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EnviroFactor

This product is only 1 ingredient, pure Argan Oil!  The bottle of this product says “100% organic” but it does not have a seal of the organization that certified it.  Being that the argan oil is imported from Morocco, it is possible it was certified there, thus not having the USDA seal.

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2.8/3 Globes

Overall, this is an excellent product and will most definitely be a staple in my hair regimen!  I will see how it does on skin and will update this post!

Product Review: Dr. Braggs Apple Cider Vinegar

This product was purchased by Nature’s Pulchritude.  All opinions are that of Nature’s Pulchritude and have not be influenced in any way, shape, or form.

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Dr. Braggs Raw Organic Apple Cider Vinegar is a truly versatile ‘jack of all trades’ product.  I have used this product in a variety of ways for over 5 years.  I use it as a rinse in my hair, diluted as a facial toner, to ‘sanitize’ and tenderize poultry, added to a facial mask, and as a drink to help with a cold.  Not only it is multi-functional it works VERY WELL each way!

Product Details:

Consistency:  Liquid
Color:  Amber
Scent:  Vinegar
Organic Ingredients: Raw, Unfiltered Apple Cider Vinegar
Environmental Friendly?: Yes.  Recyclable Container (Glass)

Product

This is a very high quality product.  It is quite strong and potent in scent, and is cloudy due to it being unfiltered.

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Functionality

Skin, Hair, Food.  This product can be used for ‘all of the above’ and is very effective on each.  The acidity (pH of ~4) of the apple cider vinegar works as a hair rinse to provide shine and close any open cuticles.  On skin it helps to draw out impurities and decrease oil and bacteria, as well as reduce the appearance of pores.  It works well on poultry, there is no research to support that it kills bacteria on meat but it seems to make the meat tender and more moist after cooking.  Apple cider vinegar is also great for thinning mucus in the sinuses and especially in your throat when sick.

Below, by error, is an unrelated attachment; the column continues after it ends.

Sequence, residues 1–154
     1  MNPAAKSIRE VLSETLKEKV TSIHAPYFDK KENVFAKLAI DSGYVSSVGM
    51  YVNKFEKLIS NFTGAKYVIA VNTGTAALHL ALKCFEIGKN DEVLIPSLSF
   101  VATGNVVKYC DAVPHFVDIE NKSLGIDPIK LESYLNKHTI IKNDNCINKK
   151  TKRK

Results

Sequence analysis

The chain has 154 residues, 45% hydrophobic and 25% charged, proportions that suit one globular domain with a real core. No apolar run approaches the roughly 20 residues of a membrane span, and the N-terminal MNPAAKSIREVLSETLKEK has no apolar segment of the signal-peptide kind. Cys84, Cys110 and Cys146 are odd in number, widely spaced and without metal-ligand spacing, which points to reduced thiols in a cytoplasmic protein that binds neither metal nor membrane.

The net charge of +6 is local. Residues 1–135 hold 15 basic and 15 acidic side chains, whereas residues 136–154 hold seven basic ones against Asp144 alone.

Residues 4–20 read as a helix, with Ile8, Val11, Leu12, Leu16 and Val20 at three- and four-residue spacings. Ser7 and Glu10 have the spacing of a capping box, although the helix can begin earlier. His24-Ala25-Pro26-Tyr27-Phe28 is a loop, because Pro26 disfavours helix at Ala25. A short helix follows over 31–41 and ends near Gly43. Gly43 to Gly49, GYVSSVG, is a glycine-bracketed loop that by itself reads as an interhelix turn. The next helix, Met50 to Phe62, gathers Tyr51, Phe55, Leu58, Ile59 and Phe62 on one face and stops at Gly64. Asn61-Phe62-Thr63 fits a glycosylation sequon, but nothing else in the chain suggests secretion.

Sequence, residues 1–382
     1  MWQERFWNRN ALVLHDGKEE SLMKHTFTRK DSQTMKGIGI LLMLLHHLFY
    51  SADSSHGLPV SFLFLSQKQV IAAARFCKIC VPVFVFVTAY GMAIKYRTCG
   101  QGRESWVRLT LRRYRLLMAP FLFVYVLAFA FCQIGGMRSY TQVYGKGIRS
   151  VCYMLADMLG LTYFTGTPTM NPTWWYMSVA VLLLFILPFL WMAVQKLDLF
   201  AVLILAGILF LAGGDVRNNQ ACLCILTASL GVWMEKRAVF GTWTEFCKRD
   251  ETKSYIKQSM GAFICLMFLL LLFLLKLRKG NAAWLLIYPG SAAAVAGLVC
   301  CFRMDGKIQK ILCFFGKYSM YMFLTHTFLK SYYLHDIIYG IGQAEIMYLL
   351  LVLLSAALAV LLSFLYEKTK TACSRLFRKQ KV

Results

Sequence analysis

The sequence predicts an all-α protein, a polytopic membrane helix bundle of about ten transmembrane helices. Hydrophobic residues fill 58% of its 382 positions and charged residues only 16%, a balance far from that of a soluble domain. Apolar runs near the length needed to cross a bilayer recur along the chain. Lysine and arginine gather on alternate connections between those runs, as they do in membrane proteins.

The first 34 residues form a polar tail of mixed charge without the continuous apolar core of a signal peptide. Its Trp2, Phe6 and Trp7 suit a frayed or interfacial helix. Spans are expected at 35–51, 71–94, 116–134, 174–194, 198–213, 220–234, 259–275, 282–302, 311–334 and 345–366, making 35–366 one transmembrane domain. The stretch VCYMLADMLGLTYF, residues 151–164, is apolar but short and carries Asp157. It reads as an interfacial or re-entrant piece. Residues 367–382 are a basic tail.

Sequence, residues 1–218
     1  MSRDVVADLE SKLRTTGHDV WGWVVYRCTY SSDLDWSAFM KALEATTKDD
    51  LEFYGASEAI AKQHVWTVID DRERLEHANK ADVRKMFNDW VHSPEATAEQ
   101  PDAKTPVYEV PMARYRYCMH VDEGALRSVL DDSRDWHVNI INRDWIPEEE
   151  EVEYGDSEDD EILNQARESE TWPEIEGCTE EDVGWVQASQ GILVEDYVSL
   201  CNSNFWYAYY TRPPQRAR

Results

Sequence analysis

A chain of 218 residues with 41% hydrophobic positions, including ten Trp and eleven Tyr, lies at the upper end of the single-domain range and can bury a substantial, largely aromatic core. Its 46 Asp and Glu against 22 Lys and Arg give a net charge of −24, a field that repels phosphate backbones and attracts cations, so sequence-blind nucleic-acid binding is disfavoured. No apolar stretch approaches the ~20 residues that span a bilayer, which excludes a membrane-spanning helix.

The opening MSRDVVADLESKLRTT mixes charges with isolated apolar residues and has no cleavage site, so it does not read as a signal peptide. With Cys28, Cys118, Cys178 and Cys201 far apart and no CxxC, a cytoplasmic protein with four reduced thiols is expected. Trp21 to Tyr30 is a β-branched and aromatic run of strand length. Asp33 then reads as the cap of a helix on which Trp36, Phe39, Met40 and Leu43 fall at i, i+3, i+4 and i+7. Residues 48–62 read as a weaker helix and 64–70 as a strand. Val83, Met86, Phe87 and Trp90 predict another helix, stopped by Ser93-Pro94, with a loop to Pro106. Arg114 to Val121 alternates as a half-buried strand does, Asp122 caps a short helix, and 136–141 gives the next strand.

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EnviroFactor

This product is only one ingredient, raw unfiltered apple cider vinegar that is certified organic and non-GMO project verified.

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3 Globes  Nature’s Pulchritude MVP!

Raw ACV is a staple for me!  It is a great item to just have on hand even if you are not using it on a weekly basis.  It can be used in so many ways and does a fabulous job in each use!

Have you tried Raw Apple Cider Vinegar?  How to you use it? 

How to Read Cosmetic Ingredient Labels XLII

Remember, I am teaching you Label Poise–how to walk the walk, talk the talk, and buy products that meet YOUR standards, whether natural, organic, or safe enough.  For instructions on Label Poise visit our Label Poise page.

The Label

The Ingredients

Aqua (Water): Safe!  Water is the ultimate moisturizer and is a key ingredient in many moisturizing products.

Glycerin: Safe!  Glycerin is a humectant that attracts moisture in the skin. Glycerine can be derived from fats and oils, or synthetically–which is not indicated here.  (MSDS)